Defensive Stalwart Rudy Gobert

Compared to other centers, Gobert isn’t that much of a dominant offensive threat. But what the French seven-footer makes up for on offense is his elite defense. He is averaging 2.7 blocks per game, which is second in the NBA behind fellow center Myles Turner. His average of 13.4 defensive rebounds per game is good for third in the league.

But in order to fully understand Gobert’s defensive impact on the court, one has to look no further than advanced stat metrics. According to FiveThirtyEight, Gobert has the best defensive RAPTOR in the league; he’s been in the top 3 in terms of defensive RAPTOR since 2016. Whenever Gobert is in the lineup, the Jazz’s defensive rating improves by 10.2 points per 100 possessions. His defensive rating (102.0) is currently in the top ten.

Still not impressed? Here are a few advanced defensive categories in which Gobert is in the top ten in:

  • Win shares (2.1) – first in the NBA
  • Box plus/minus (2.0) – ninth in the NBA
  • Rebound percentage (37.5%) – third in the NBA
  • Defended field goal percentage (41.7%) – third in the NBA

It is safe to say that Gobert has the Defensive Player of the Year award in the bag. (Provided that he doesn’t actually shut the league down, of course.)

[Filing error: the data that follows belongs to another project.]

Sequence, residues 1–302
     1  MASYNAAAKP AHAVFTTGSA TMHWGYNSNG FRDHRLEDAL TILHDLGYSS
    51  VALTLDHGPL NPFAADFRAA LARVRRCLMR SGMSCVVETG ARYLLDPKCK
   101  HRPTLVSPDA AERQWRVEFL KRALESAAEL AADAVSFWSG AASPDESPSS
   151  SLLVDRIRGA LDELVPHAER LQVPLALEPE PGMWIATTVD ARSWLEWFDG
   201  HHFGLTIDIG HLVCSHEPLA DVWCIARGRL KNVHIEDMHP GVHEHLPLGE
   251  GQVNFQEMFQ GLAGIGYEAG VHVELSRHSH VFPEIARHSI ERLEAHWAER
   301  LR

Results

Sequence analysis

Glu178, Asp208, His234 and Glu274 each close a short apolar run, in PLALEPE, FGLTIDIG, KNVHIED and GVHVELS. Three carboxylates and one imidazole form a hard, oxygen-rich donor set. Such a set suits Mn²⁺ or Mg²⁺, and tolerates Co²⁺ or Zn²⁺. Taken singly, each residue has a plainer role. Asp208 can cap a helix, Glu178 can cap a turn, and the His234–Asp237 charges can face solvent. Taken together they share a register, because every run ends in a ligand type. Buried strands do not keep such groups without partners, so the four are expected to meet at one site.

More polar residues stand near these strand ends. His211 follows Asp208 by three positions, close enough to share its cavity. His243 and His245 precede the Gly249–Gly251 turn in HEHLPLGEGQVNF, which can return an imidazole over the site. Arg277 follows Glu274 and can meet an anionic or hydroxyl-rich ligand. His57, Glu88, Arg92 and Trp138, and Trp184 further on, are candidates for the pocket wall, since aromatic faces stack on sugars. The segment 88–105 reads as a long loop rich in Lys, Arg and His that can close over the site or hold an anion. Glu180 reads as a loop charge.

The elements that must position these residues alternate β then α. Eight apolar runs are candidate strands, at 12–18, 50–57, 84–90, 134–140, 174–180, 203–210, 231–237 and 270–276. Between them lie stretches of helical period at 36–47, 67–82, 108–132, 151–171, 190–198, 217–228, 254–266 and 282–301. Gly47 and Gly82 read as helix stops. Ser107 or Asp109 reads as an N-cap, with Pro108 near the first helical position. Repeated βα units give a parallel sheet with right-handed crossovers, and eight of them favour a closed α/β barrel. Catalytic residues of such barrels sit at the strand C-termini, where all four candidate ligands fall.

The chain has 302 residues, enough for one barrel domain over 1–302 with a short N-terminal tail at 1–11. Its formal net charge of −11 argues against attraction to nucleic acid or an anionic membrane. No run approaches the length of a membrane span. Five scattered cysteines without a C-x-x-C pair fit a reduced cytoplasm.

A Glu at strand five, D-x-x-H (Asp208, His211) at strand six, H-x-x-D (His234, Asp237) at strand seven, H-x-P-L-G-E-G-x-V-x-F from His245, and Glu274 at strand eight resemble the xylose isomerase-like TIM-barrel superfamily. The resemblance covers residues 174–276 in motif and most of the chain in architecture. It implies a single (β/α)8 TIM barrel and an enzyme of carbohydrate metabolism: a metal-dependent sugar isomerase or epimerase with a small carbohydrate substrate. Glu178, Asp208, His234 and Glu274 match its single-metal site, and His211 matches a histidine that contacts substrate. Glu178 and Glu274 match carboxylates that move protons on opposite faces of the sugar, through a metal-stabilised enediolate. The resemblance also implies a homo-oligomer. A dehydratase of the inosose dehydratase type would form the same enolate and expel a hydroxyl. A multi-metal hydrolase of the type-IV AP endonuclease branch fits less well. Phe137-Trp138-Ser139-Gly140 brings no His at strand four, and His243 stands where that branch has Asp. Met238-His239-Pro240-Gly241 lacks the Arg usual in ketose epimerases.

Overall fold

The Resurgence of Mike Conley

Throughout his career, Mike Conley has always been a borderline All-Star player. As a floor general for the Memphis Grizzlies, he has led Memphis to several playoff berths. So when Conley was traded to the Jazz in the summer of 2019, many expected Conley to take Utah to great heights.

However, during the 2019-20 season, that didn’t appear to be the case. Conley’s numbers were down across aboard. He went from scoring a career-high 21.1 points per game in 2019, to 13.8 in 2020 (prior to the season going on hiatus). His shooting averages were down compared to years past, and injuries have also taken a toll on him as well.

This season, Conley’s play has improved. He is averaging 16.5 points and 5.8 points per game, with a career-high effective field goal percentage of 56 percent. Not only that, but he also has the best net rating and defensive rating (yes, better than Gobert) on his team, with 17.7 and 98.9, respectively. In terms of plus-minus, he is leading the league in that category.

Even with Conley sidelined with a hamstring injury, the Jazz continue to win in dominant fashion. That shows how flexible the Jazz can be without their starting point guard in the lineup.

Jordan Clarkson – Sixth Man of the Year

On December 23, 2019, the Jazz traded Dante Exum to the Cleveland Cavaliers for Jordan Clarkson and some future second-round draft picks. So far, Utah appears to be the winner of the trade, and by a very considerable margin.

Right now, no other bench player in the NBA is playing better than Clarkson. He’s averaging 18.2 points per game off the bench, and no other sixth man has come close. Since January 1, in a game where he only scored nine points against the Los Angeles Clippers, Clarkson has consistently scored in double figures…and has shown no signs of slowing down.